by Robert Herold

World peace" used to be such an incontrovertibly good thing that all Miss America contestants, even at the height of the Cold War, could safely say that they were in favor of it. Now, if the Bush vision of national security becomes our governing reality, they'll have to say, beaming, "As Miss America, I hope to help little children and work on behalf of the United States' world domination."

So concluded Hendrik Hertzberg, writing in The New Yorker, about the President's recently released National Security Strategy for the United States. This document begins with a critique of deterrence and ends with a prescription for both unilateral and preemptive military action anywhere and anytime that our benevolent government might determine the need. And it goes even further. It effectively assumes a Pax Americana -- a world brought to peace through American might.

While we can applaud the administration for rethinking a now outdated national security strategy based on deterrence, the certitude that flows through their ideas is frightening.

The Bush analysis appears as mid-term elections approach. Control of the Congress is up for grabs. Now, I'm not a fan of divided government, especially when it plays out in the Congress. Ever since the Founders invented separation of powers, scholars have attempted to put the best light on what, at best, was a patched-together arrangement. Why do we need to make governing even more problematic by dividing its functions, as the separation of powers does?

Well, we don't.

What the Founders accomplished back in 1787 was to cut a deal that brought on board the states, small and large. In any case, they gave us both a federal republic and the separation of powers, which produced the unanticipated form of factions fighting it out when the executive branch is controlled by one party and the Congress the other.

So, all things being equal, why not just vote the Republicans back into control of the Senate, allow them to retain control of the House and go about fixing responsibility on the GOP so that the next presidential election can be fought out cleanly?

It certainly can be argued that the Democrats have not provided compelling reasons to support the alternative. Democrats haven't even succeeded in making our terrible economy an issue, even though most Americans believe it to be a more important issue than Iraq.

Rob Norton believes he knows the reason. Writing for Fortune, he argues that the Democrats "don't have a clue" about how to fix the economy. To be fair, he moves to that criticism only after he has acknowledged that neither do the Bushees.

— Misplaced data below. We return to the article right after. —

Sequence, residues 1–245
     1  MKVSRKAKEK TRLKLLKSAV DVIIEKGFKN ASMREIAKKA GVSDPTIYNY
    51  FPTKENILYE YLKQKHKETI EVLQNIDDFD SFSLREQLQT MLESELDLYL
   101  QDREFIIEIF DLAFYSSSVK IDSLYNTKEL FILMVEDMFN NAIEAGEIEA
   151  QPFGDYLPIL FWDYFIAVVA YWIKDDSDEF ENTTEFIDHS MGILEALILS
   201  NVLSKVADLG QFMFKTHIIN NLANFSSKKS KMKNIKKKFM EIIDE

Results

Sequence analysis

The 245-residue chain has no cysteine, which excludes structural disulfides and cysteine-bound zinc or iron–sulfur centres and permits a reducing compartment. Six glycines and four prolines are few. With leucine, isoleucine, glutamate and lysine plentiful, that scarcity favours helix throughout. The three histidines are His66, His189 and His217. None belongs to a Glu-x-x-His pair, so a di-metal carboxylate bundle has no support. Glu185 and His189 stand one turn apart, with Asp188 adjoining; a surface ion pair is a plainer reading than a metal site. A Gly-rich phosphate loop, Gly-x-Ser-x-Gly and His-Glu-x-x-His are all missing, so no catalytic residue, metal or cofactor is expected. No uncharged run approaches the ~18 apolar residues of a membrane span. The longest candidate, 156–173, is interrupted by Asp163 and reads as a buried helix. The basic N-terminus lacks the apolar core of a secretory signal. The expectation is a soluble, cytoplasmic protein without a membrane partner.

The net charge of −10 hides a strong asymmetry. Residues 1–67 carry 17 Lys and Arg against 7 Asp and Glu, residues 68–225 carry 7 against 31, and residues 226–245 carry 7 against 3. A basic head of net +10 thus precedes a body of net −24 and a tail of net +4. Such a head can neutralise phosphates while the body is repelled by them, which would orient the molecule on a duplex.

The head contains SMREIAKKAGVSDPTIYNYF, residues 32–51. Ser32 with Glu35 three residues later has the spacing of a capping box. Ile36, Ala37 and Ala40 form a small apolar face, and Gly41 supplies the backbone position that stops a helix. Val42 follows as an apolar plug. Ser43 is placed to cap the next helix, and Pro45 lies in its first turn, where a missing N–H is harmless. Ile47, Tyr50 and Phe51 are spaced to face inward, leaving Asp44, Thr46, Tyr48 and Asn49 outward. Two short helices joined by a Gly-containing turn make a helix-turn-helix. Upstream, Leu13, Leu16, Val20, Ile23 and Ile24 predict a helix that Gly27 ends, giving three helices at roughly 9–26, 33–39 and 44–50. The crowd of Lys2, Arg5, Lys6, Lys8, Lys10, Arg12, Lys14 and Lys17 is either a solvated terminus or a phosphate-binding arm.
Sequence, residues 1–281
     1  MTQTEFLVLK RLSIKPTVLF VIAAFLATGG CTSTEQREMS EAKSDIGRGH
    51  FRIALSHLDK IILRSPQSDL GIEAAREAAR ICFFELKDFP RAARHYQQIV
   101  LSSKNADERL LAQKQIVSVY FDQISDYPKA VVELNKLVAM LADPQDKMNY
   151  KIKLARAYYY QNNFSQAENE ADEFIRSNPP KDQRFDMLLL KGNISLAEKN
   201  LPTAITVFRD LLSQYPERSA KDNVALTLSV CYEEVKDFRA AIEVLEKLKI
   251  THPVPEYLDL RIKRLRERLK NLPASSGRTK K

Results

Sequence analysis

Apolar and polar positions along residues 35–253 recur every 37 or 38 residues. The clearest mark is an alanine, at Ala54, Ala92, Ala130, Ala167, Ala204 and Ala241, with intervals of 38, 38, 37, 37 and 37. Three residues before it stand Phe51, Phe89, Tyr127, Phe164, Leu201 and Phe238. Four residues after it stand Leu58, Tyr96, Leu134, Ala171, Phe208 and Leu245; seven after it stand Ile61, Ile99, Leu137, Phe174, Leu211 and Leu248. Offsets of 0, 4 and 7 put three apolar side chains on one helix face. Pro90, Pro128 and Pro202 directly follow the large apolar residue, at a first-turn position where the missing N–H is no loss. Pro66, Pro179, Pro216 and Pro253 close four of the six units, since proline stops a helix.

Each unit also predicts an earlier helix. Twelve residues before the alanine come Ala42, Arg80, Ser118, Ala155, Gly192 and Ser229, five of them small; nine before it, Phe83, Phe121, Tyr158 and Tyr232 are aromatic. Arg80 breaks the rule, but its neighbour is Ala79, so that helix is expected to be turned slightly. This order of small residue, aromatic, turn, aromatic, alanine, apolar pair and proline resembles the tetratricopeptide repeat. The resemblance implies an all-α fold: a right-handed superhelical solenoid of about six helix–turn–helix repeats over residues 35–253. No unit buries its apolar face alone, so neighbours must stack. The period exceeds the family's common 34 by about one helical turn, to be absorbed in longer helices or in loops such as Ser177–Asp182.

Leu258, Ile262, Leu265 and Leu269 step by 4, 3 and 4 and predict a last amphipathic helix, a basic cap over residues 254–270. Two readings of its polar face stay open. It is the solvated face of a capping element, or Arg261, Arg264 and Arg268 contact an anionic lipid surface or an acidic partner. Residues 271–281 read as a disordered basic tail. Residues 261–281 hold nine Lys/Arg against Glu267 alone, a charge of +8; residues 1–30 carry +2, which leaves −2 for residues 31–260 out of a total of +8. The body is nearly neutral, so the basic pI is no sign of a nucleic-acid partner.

Anyway, where is the loyal opposition that should be giving us a reason to vote for their candidates? With their fingers in the political winds, that's where. So much for leadership when we need it.

Even so -- even if the Democrats haven't seized the day -- I suggest that a circumstantial case can be made for a continuation of divided government over the next two years.

Given the manifest bipartisan cluelessness, one is impelled to ask: What's to lose? There are, however, real reasons (countering ideologically pure court nominees, for one). But to make the necessary point, we needn't go beyond that amazing Bush national security paper, so revealing of a hermetically sealed certitude and which has fueled an explosion of arrogance.

All the President's Men summarily reject an ever-more complex world, so interconnected, so pregnant with ambiguity. They give no indication of a willingness to reflect beyond their analysis. Only Congress can set up a roadblock between their certitude and the actions it implies. Despite the outcome of the vote granting Bush the power to wage war on Iraq, Congress did provide some speed bumps in the debate, asking tough questions and moderating the proposal.

To no surprise, Bush loyalists are out and about discounting the role played by the Congress over these past weeks. The president got exactly what he wanted, they say. No, he did not.

The president wanted Gulf of Tonkin II; he didn't get it. Moreover, the committees, especially, served to restrain the Bush crowd's arrogance by holding the administration to account.

Not above a little deconstruction, loyalists also now claim that the president, all along, intended to go to Congress -- and the UN, too. No one who followed the debate closely can believe this. Bush bluntly asserted his authority to act alone -- without consultation, without allies, without the UN.

If you still believe that Bush was not intending to thumb his nose at the Congress and the UN all along, just open your copy of National Security Strategy for the United States. They are quite serious about going it alone. Now, do you really want to give this administration two years to work with a Congress dominated by foot soldiers who will only grease Bush's skids? Somebody needs at least to

fire the retro rockets during this headlong flight

into a violent future. And maintaining split government on Election Day is the only chance for that

to happen.

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About The Author

Robert Herold

Robert Herold is a retired professor of public administration and political science at both Eastern Washington University and Gonzaga University. Robert Herold's collection of Inlander columns dating back to 1995, Robert's Rules, is available at Auntie's.